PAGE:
Even for a sculpture that has been the subject of scorn and accusations of racism for decades, Giuseppe Moretti’s statue of Stephen Foster, on Forbes Avenue in Schenley Plaza next to Dippy the Dinosaur, has had a busy and controversial couple of weeks.
The Pittsburgh-native 19th-century composer is consistently praised in the United States and abroad, often viewed as the inventor of American popular music. His songs such as “Oh Susanna,” “Camptown Races” and “Jeannie With the Light Brown Hair” remain widely recognized classics.
However, many of his songs sentimentalize or spoof the lives of enslaved African Americans in imagined dialect that is roundly offensive today. Historians argue that Foster was sympathetic to enslaved African Americans, and even African-American abolitionist Frederick Douglass praised his songs. “They awaken sympathies for the slave, in which anti-slavery principles take root, grow, and flourish,” Douglass wrote. But today’s context of equal rights sets profoundly different standards than did the Abolition era.
Changing sensibilities also apply to the larger-than-life bronze, which was created in 1900 by Moretti, with creative guidance from a committee that included newspaper publisher Thomas Keenan and political boss Christopher Lyman Magee, as well as Foster’s brother.
The statue depicts not just Foster, but also Uncle Ned, the fictional, enslaved African-American subject of a song by the same name. In the sculpture, banjo-strumming Uncle Ned embodies a number of negative racial stereotypes — ragged clothing, bare feet and a frivolous grin, as well as his position at the feet of the serious and well-dressed Foster. There could hardly be a more vivid representation of a white man keeping a black man down.
Unlike Foster’s music, there are no period comments from African Americans praising the sculpture. Kirk Savage, a professor of art history at the University of Pittsburgh who specializes in representations of race in art, says the monument, influenced by Foster’s brother, “is really a product of Jim Crow … making a statement about [the perceived] proper relation of the races.”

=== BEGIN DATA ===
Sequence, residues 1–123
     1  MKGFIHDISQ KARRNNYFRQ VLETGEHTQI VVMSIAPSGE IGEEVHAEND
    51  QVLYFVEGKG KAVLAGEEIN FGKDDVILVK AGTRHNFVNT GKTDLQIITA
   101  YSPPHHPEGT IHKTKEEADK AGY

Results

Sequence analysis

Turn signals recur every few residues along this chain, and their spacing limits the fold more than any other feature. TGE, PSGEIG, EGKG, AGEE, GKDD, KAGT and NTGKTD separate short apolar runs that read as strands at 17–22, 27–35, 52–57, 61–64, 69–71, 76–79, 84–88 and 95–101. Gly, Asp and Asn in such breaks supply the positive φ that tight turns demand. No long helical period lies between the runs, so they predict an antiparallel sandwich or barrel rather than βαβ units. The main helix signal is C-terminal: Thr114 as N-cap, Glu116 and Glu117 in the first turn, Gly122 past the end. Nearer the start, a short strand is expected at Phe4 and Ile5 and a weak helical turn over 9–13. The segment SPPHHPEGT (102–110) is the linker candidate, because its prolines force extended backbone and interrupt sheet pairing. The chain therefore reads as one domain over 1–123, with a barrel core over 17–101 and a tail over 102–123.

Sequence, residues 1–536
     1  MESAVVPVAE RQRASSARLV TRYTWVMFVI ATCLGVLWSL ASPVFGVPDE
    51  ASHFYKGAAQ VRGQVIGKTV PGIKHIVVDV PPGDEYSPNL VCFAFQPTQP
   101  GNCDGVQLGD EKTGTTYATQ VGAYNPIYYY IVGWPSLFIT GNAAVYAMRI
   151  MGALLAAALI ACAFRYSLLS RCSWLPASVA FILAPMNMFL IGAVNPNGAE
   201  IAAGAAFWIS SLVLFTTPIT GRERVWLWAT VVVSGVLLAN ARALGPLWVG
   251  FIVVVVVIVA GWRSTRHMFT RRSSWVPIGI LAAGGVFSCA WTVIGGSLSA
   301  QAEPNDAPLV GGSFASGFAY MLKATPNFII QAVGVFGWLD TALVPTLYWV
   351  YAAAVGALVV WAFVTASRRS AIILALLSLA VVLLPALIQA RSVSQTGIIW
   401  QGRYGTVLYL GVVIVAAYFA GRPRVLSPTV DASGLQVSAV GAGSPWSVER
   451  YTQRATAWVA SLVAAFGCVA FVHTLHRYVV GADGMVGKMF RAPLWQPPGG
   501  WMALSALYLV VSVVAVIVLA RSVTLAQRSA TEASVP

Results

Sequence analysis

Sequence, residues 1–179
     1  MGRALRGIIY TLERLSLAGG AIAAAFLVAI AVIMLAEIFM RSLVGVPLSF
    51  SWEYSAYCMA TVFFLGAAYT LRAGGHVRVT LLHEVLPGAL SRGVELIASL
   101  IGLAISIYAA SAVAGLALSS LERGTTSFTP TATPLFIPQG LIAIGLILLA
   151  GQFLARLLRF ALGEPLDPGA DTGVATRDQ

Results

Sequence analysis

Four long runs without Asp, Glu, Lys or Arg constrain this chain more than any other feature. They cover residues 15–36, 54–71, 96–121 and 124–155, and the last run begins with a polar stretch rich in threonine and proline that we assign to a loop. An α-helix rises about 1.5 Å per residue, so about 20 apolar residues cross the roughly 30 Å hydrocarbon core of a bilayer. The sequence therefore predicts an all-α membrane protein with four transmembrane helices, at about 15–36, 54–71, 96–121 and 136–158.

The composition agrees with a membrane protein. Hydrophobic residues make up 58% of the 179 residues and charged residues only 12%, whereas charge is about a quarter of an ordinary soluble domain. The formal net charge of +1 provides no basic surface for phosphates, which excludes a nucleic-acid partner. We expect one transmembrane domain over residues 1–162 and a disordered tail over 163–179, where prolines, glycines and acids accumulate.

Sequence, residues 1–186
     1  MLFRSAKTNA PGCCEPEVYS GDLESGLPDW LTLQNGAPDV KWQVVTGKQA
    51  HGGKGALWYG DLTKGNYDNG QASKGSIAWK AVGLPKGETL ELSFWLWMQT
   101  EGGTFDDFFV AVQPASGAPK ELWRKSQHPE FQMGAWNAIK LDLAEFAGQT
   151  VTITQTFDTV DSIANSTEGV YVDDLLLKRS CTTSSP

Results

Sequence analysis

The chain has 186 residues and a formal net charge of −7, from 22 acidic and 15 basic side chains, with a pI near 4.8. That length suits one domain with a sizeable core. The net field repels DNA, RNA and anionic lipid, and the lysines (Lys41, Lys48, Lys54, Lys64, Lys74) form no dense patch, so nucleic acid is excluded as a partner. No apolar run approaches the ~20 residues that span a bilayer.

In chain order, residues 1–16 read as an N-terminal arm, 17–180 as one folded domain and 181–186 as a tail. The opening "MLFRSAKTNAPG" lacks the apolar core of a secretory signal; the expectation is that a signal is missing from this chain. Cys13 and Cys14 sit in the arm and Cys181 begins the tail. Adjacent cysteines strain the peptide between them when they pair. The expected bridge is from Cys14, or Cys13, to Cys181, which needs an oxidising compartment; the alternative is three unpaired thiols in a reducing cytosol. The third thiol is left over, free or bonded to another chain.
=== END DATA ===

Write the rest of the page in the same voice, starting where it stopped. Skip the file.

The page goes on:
Pittsburgh activist Florence Bridges advocated for the removal of the statue during the civil-rights movement in the 1960s. In 1997, Mayor Tom Murphy responded to complaints about it by forming a committee. “But nothing happened,” said local pop-culture historian and cartoonist Joe Wos.
In 2010, when local playwright Martin Giles directed a play celebrating Foster’s music at the Stephen Foster Memorial, located just across Forbes, he criticized the statue in comments to CP: “I don’t know why it is still there.”
Even last year, as Pitt celebrated its Year of Diversity, the university fielded numerous complaints from students about the monument. Pitt Vice Chancellor for Diversity Pam Connelly formed an advisory committee including students, faculty and other interested community members.
But now comes August 2017, and violence erupted in Charlottesville, Va., over the call to remove a public statue of Robert E. Lee. In fact, Charlottesville had conducted a series of deliberative discussions with numerous of its own community groups to consider the fate of its Lee statue and other monuments to the Confederacy before outside groups chose those artworks as a focus for a local protest turned fatal riot and national headline.
The City of Baltimore responded by removing its Confederate statues literally overnight.
Locally based, nationally known blogger Damon Young, of Very Smart Brothas, published a post titled, “The Most Racist Statue in America Is In … Pittsburgh, and It’s the Most Ridiculous Magical Negro You Will Ever See,” as an intensifying flurry of inquiries emerged on social media, and in new outlets. “It’s becoming a much more public conversation,” says Savage.
Pittsburgh’s mechanism for reviewing the work, which is city-owned and located on city property, is actually in place. “The way our system works, the Art Commission is the body to review it,” explains City Planning Director Ray Gastil. “The issues that have been raised are very serious ones.”
Art historian and events producer Kilolo Luckett, who sits on the Art Commission, has advocated for removal of the monument since her days as a student in the 1990s: “No words of context could ever resolve the racist imagery that that statue reinforces.”
A recent statement from the National Trust for Historic Preservation argues for precisely the kind of case-by-case deliberation that the Art Commission is scheduled to undertake in the fall, though Gastil, who oversees the Art Commission, says a date has not been set.
Such a process will address the problems of the Foster monument, which include imagining African-American voices as subservient, instead of engaging them as equals.